- What is Unified Communications (UC) vs VoIP?
- What is Session Initiation Protocol (SIP)?
- What’s the same? What’s different?
- What is the expected migration schedule?
- What do I have to do to be migrated?
- Will there be a cost to departments?
- What about fax services?
- Will I lose phone service when I’m migrated?
- Where can I get help after migration?
- Can I place an order for a specific phone? How will buildings/depts be prioritized?
- I would like to upgrade my phone model. How do I order one?
- What is a softphone?
- What is telepresence?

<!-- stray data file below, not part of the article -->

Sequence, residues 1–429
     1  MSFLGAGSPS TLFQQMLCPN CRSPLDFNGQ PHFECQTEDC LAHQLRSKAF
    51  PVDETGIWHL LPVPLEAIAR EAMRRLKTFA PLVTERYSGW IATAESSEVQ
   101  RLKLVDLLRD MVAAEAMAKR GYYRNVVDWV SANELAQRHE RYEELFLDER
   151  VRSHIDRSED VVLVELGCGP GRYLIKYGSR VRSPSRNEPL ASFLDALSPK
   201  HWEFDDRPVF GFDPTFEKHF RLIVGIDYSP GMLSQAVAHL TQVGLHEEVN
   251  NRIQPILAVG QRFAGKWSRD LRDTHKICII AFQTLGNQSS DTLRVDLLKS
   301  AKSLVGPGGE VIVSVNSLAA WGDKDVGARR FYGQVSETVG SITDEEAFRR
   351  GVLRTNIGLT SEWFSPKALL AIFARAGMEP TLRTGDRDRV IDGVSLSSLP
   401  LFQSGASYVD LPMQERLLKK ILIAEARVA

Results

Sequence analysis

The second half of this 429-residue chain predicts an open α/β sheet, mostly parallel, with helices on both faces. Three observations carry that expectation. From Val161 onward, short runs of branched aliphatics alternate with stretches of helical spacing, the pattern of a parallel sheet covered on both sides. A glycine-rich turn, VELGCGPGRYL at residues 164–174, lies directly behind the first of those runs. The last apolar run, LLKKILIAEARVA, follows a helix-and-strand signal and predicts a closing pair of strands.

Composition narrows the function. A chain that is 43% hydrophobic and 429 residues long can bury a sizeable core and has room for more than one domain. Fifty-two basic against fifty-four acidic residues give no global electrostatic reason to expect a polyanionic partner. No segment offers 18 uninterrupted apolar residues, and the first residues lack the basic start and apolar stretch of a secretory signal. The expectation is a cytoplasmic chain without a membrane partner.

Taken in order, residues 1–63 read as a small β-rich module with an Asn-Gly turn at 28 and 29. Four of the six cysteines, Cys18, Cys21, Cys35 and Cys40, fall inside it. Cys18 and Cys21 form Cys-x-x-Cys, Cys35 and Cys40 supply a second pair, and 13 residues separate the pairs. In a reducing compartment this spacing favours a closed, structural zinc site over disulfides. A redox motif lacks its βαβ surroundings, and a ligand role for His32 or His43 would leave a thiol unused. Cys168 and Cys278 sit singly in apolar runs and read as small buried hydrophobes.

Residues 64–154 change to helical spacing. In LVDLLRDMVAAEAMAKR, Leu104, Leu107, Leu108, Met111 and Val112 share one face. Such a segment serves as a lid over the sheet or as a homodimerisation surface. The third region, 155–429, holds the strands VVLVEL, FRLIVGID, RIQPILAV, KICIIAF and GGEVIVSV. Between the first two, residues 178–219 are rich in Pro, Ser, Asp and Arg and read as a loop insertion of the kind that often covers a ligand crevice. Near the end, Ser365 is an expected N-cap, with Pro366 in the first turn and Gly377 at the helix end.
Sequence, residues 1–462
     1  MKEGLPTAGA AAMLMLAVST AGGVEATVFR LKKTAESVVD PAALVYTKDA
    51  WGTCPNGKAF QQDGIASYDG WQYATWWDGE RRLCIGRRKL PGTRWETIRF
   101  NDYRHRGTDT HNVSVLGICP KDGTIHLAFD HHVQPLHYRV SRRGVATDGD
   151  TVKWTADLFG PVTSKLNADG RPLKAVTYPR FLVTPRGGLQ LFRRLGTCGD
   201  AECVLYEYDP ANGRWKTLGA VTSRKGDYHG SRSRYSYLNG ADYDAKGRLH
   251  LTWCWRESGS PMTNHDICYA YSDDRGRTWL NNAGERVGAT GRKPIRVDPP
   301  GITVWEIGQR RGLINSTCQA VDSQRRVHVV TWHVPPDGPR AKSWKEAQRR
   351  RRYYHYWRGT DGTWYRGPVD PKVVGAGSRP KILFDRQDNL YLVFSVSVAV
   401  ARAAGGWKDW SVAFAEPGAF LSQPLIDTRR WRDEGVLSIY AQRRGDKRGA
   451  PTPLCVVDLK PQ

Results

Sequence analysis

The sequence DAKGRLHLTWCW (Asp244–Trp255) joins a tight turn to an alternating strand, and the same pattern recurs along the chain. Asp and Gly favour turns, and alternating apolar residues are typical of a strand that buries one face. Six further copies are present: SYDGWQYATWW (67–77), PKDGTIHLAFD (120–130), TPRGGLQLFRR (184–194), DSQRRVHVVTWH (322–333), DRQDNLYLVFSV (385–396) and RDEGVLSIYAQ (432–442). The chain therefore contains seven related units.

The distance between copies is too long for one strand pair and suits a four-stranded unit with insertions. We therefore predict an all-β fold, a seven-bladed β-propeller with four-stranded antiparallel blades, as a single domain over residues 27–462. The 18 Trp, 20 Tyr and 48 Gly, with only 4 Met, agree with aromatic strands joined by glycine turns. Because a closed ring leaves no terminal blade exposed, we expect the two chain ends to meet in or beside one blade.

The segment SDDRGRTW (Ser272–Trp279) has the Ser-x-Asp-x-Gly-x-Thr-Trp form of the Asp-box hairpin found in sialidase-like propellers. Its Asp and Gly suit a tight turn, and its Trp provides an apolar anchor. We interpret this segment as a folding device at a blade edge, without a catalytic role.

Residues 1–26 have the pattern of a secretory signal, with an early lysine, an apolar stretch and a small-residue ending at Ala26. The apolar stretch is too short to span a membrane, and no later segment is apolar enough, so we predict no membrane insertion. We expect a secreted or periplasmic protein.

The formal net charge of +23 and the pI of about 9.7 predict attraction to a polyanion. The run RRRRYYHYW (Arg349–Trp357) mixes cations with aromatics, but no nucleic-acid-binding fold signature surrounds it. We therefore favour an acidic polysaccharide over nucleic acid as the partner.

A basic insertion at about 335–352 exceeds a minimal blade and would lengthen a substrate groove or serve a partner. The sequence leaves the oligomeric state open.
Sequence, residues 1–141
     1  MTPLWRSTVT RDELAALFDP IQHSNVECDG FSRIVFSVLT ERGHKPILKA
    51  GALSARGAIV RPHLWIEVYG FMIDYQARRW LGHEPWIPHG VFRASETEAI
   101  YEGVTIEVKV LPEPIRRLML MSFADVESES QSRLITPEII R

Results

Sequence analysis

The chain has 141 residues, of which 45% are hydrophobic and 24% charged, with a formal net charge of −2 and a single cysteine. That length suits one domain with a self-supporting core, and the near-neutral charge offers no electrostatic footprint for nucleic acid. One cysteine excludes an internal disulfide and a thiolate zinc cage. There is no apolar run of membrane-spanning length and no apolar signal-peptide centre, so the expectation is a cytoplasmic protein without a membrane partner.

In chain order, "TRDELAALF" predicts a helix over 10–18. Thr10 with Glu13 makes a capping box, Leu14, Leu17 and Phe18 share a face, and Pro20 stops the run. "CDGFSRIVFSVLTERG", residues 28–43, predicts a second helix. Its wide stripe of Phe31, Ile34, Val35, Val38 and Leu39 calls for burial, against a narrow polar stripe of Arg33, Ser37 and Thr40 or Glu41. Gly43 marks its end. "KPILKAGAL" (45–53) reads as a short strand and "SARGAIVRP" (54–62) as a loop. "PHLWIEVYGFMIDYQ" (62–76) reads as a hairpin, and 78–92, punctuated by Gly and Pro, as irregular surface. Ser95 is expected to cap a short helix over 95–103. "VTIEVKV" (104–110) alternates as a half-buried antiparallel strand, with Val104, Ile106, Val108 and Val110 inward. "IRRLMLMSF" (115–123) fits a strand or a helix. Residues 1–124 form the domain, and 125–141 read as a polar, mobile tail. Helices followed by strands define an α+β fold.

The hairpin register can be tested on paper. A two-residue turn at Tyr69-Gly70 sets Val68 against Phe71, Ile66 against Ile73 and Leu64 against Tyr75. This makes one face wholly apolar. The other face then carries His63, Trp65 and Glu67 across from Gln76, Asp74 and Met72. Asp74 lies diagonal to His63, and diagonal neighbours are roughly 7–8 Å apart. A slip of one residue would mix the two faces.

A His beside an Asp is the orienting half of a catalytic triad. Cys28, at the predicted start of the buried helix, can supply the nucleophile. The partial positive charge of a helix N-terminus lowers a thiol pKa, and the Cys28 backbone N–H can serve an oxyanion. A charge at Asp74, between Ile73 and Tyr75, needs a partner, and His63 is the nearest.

Voice over Internet Protocol (VoIP) is technology that replaces traditional phone systems with routing voice calls over the network and Internet. Unified Communications extends this concept and provides a variety of other services and features beyond making and receiving phone calls. These include unified messaging (voicemail integration with email), instant messaging, video conferencing, fax services and call center. Our traditional PBX phone system is near end of support life and we are looking to modernize and improve the communications for Lehigh University. This project will reduce our costs, dramatically improve services for communications and provide a holistic communications strategy. LTS selected Cisco Unified Communications as the core infrastructure for our communications strategy. Cisco is a leader in unified communications and a perfect fit with our core Cisco network infrastructure.Back to Questions